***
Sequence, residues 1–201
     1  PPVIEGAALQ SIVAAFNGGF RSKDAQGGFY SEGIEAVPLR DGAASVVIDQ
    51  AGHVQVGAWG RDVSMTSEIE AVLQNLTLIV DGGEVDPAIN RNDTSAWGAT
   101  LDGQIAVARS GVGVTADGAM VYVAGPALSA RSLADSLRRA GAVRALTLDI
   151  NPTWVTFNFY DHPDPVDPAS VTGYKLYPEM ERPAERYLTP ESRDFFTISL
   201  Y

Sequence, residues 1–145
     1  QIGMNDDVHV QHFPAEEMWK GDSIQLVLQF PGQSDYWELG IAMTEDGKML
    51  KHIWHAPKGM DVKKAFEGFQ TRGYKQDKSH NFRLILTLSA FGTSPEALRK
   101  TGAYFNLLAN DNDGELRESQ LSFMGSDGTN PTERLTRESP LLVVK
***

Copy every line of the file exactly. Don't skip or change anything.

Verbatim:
Sequence, residues 1–201
     1  PPVIEGAALQ SIVAAFNGGF RSKDAQGGFY SEGIEAVPLR DGAASVVIDQ
    51  AGHVQVGAWG RDVSMTSEIE AVLQNLTLIV DGGEVDPAIN RNDTSAWGAT
   101  LDGQIAVARS GVGVTADGAM VYVAGPALSA RSLADSLRRA GAVRALTLDI
   151  NPTWVTFNFY DHPDPVDPAS VTGYKLYPEM ERPAERYLTP ESRDFFTISL
   201  Y

Sequence, residues 1–145
     1  QIGMNDDVHV QHFPAEEMWK GDSIQLVLQF PGQSDYWELG IAMTEDGKML
    51  KHIWHAPKGM DVKKAFEGFQ TRGYKQDKSH NFRLILTLSA FGTSPEALRK
   101  TGAYFNLLAN DNDGELRESQ LSFMGSDGTN PTERLTRESP LLVVK